In just the past few days, it has become clear that this is what public opinion demands. Every Republican presidential candidate has been hounded on the campaign trail, and true to intellectual form, they have evaded and equivocated at every turn. Only Mitt Romney, who is not running and hopeless at pretending to be Southern, managed anything like forthright opposition to the flag. But not one Republican managed any defense, either. Their position is that South Carolina, as a state, should decide, and do the right thing. As for what the right thing is, well, that is not for them to say. (Dylann Roof also had to decide the right thing to do, and it is not hard to say that he chose wrongly.) These responses are hardly morally edifying, but they are politically instructive: defending the flag is beyond the pale. Even in South Carolina, no legislator has (yet) said that it needs to stay up. This may well change, but for right now taking down the flag has become the political equivalent of attending a memorial service: the very least we can do.
In itself, this shift in political opinion is a very positive thing. For no one, however, does is pose a bigger problem than the president of the College of Charleston, former state senator and lieutenant governor Glenn McConnell. At the memorial service at the College’s basketball arena, a speaker called for the removal of the Confederate flag, the audience rose to its feet in approval, and McConnell remained seated on the stage. The question now is whether and how he can get up again.
Everyone knows that McConnell is deeply and personally identified with the Confederate flag. It was the focus of national attention when he was a candidate for the presidency of the College last year, and those news stories have been revisited this week. McConnell is a Civil War re-enactor who has appeared publicly in Confederate costume. He owned a store that sold Confederate paraphernalia. He strongly defended the value of the flag in the debate that resulted in the political compromise that moved the flag from the statehouse dome to its current position on the grounds. (By many accounts, the new position is more prominent than the old.)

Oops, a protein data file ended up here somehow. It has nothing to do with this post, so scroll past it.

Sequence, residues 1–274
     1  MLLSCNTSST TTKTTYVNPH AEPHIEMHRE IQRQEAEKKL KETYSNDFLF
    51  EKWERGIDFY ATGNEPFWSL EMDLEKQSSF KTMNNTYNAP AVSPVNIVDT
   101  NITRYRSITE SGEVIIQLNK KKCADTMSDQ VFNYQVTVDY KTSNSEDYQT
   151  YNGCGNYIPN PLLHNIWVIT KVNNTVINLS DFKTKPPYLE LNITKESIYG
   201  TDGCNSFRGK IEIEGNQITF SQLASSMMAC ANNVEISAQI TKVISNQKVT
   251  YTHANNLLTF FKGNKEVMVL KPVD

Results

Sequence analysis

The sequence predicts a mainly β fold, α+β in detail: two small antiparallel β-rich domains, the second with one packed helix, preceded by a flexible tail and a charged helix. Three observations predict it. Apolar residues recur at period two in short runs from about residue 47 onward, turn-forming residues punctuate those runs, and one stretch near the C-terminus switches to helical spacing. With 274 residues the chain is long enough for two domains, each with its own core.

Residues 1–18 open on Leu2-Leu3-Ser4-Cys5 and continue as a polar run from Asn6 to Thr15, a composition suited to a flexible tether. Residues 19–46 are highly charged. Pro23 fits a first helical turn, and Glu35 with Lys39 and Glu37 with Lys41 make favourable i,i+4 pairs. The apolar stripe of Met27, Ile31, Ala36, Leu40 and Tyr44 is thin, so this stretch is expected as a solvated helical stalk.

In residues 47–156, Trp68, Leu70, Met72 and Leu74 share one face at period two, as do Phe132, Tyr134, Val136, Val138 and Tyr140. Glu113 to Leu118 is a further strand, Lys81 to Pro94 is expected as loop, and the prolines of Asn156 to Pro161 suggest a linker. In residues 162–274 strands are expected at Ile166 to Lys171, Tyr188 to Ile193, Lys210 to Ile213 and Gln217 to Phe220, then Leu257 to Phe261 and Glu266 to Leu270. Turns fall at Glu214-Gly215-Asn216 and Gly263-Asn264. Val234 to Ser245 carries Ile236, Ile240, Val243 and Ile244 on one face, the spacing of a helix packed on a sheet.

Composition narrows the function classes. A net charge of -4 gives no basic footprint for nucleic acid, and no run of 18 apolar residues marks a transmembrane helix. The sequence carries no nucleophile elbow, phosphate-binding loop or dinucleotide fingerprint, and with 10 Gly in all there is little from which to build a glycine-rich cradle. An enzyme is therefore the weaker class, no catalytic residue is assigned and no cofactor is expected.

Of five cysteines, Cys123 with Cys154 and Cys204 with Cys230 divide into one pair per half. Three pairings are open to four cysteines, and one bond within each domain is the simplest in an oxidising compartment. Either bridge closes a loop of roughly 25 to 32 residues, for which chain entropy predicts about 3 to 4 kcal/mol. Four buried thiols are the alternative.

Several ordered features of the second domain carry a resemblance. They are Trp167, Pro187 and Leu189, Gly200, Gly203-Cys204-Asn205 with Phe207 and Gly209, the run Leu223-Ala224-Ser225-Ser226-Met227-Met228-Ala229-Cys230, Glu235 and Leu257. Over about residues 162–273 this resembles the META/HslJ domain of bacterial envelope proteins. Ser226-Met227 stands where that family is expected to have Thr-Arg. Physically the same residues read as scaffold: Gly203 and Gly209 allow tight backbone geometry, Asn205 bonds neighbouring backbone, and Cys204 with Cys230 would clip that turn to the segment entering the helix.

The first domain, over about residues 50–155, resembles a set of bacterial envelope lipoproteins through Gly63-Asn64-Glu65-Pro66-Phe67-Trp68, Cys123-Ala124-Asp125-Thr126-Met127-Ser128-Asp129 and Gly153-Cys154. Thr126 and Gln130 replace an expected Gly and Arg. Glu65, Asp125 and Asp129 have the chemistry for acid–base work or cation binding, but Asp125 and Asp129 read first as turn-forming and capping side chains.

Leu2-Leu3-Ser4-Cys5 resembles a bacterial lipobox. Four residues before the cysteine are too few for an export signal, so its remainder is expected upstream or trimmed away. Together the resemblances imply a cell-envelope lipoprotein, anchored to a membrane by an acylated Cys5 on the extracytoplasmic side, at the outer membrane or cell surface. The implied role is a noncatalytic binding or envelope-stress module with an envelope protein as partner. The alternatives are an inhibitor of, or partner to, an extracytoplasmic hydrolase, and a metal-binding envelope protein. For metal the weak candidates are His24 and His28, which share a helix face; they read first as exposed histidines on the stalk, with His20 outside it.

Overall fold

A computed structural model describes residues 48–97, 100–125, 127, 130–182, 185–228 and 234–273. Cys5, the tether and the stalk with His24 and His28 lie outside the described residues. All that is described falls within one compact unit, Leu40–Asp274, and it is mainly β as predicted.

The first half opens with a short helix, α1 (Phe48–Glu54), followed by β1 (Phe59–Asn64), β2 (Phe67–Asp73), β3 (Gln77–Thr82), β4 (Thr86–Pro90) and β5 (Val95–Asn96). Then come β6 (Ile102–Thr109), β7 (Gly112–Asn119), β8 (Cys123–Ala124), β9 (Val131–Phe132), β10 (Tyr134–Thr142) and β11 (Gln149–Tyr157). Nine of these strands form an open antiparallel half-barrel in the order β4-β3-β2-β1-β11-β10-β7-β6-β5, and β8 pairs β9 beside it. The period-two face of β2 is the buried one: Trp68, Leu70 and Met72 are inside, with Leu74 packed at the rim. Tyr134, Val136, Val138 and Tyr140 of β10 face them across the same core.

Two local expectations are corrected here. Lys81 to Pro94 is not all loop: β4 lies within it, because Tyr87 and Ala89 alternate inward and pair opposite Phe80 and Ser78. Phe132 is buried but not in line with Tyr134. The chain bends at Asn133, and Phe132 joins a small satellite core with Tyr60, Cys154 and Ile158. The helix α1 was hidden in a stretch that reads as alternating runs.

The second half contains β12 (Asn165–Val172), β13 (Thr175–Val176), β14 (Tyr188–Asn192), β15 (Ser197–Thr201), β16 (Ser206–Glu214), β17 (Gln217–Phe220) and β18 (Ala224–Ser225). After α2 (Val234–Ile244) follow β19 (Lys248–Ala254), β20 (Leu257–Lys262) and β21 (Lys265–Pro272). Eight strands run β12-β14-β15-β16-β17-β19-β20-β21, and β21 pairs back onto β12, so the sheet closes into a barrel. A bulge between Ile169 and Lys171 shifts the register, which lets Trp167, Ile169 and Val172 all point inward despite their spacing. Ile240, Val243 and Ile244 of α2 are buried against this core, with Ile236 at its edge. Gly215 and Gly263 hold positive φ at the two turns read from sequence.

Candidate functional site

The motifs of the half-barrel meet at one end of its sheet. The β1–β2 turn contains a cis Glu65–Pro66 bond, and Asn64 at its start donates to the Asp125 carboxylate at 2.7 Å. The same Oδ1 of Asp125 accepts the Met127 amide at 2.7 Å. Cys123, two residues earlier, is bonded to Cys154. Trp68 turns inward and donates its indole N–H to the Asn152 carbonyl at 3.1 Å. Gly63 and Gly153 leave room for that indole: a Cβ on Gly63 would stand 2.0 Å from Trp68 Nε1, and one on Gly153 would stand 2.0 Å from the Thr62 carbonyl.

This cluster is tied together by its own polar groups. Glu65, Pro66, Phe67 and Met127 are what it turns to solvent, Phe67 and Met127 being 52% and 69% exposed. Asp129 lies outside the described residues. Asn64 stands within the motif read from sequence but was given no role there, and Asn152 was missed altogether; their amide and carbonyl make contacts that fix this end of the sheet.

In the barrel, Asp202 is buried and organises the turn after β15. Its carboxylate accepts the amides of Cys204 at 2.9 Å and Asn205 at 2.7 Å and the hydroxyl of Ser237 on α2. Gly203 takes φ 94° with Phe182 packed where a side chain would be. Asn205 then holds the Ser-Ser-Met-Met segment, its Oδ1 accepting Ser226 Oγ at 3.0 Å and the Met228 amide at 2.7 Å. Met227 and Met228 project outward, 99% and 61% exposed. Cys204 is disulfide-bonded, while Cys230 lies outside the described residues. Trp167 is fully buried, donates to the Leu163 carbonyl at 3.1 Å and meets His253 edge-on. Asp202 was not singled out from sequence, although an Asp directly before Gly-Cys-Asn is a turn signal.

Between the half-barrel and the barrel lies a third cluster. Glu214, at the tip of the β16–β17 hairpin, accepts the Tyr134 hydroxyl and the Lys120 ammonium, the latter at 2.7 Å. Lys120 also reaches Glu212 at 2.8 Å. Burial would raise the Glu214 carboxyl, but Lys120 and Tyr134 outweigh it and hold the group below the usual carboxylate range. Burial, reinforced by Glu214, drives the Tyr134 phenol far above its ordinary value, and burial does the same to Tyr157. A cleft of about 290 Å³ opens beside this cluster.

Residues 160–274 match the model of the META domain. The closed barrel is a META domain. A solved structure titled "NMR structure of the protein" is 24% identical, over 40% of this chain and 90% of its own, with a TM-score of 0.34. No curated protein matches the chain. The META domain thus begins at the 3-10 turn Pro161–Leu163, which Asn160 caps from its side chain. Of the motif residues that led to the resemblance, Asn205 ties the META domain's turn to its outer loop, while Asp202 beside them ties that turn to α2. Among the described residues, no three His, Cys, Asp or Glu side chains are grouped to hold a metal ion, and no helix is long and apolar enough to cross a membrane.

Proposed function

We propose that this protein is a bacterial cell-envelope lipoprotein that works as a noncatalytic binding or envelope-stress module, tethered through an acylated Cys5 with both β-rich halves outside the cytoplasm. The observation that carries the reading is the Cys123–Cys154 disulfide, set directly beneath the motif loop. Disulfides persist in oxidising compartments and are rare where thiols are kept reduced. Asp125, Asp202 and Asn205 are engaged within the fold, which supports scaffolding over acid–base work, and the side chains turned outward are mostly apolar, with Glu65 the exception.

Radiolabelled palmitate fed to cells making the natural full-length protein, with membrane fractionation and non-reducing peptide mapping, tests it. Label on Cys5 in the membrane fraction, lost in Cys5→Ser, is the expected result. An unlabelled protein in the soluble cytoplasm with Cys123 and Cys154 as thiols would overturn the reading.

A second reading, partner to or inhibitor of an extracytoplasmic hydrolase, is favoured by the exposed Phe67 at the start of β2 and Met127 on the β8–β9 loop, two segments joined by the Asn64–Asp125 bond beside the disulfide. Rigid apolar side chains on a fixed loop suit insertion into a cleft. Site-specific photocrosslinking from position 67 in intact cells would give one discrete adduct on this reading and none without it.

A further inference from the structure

But it is very important to understand that as proud as McConnell was of the flag in that debate, he is just as proud of the compromise to move it. For that compromise was symbolic of the political identity McConnell has staked out and cherished. In the context of South Carolina state politics, he is a moderate Republican. He has consistently positioned himself as a reasonable alternative to more conservative Republicans. He talks often of small government, but he is more likely to be expressing his opposition to religious intrusion in public life than to taxing and spending. He was elected to his Senate leadership position with a combination of moderate Republican and (mostly) Democratic votes. He points out time and again that he worked with African-American legislators to craft the flag compromise, and that it included an African-American history monument on the statehouse grounds. His centrism, which crucially includes good relations with African-American legislators, is crucial to his political and personal identity.